Technical developments that are necessary for a green transition must be adopted, accepted, and implemented to achieve the intended beneficial effect on climate and greenhouse gas emissions.
For this to take place, it is necessary to have policies that take into account the costs and benefits that accrue to households, firms, and society at larger. This requires that policies are implemented in an equitable manner, leading to a just transition.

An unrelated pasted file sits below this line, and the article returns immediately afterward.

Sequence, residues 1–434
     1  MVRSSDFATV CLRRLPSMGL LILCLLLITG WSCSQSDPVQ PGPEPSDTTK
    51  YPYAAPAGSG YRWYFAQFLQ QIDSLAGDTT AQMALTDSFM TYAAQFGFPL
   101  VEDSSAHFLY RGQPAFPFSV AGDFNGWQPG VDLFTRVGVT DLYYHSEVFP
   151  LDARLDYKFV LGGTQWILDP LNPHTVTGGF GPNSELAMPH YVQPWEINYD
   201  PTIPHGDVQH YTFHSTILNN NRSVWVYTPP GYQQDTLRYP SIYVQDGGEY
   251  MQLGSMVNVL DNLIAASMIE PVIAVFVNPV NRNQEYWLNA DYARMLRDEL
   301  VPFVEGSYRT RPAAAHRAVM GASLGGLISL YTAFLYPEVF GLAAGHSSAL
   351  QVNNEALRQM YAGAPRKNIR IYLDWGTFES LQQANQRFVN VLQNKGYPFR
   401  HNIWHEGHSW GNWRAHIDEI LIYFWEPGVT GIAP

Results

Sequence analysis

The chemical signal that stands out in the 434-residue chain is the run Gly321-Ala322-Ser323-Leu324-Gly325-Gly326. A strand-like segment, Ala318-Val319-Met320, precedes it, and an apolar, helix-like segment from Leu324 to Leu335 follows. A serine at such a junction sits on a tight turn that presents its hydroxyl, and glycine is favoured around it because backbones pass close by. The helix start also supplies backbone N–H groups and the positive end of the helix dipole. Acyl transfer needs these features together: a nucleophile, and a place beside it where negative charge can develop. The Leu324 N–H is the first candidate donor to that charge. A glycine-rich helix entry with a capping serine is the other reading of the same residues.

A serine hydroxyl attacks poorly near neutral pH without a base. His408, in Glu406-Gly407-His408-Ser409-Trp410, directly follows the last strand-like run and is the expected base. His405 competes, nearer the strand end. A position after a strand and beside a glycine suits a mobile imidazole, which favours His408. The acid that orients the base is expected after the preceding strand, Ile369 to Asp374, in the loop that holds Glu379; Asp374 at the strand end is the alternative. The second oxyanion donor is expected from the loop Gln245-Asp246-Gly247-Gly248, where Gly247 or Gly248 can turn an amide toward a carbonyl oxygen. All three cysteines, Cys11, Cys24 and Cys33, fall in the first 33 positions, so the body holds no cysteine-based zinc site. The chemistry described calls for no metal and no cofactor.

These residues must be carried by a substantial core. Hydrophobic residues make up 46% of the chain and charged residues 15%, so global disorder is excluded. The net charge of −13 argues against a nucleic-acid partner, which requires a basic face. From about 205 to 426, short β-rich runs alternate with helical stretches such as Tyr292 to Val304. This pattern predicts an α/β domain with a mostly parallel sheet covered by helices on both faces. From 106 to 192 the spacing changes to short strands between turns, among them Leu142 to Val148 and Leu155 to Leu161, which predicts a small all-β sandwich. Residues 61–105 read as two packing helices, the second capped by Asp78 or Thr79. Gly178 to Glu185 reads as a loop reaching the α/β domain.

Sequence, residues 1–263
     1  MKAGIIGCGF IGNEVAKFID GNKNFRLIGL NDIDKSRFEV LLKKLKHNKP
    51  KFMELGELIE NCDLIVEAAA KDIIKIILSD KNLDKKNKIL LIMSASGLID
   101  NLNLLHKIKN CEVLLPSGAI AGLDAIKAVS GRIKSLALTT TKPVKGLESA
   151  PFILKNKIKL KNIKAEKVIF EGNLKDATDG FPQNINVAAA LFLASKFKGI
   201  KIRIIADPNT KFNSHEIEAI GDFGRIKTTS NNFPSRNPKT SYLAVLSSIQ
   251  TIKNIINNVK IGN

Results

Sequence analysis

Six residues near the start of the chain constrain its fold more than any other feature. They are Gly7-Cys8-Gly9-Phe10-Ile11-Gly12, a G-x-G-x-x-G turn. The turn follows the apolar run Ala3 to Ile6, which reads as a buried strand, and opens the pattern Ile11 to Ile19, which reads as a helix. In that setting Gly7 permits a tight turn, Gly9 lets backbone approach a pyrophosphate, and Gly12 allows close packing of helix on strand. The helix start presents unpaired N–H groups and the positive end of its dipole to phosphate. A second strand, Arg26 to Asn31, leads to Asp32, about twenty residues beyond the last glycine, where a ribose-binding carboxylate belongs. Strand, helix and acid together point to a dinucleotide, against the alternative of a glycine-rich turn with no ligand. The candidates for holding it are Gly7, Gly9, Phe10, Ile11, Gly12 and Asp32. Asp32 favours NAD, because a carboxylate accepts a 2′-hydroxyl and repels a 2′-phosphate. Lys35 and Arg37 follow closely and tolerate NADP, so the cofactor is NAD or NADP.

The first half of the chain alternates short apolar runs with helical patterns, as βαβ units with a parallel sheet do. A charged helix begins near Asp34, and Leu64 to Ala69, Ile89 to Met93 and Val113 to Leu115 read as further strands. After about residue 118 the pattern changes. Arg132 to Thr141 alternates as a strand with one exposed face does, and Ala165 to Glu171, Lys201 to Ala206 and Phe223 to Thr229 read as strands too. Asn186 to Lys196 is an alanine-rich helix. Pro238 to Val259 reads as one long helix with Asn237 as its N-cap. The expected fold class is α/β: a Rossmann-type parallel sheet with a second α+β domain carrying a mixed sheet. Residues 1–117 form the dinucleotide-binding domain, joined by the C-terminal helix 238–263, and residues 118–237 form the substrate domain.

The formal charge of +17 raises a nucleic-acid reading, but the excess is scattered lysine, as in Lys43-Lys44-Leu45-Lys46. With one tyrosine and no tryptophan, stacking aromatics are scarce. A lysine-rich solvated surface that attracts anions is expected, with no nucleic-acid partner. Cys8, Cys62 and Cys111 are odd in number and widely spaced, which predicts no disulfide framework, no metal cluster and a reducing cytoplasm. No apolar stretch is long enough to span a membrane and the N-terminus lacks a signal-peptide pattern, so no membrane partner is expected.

For example, this requires an efficient design of energy systems that support the use of the technology, and accommodation of land use practices to account for their multifunctional role in food and fiber production, and in the delivery of ecosystem services.
This will require economic, behavioral, and legal incentives, as well as legitimate governance and social acceptability. In turn, this involves studies in economics, behavior, consumption, psychology, adoption of technology, NIMBYism (not-in-my-backyard) and mobilizing citizens.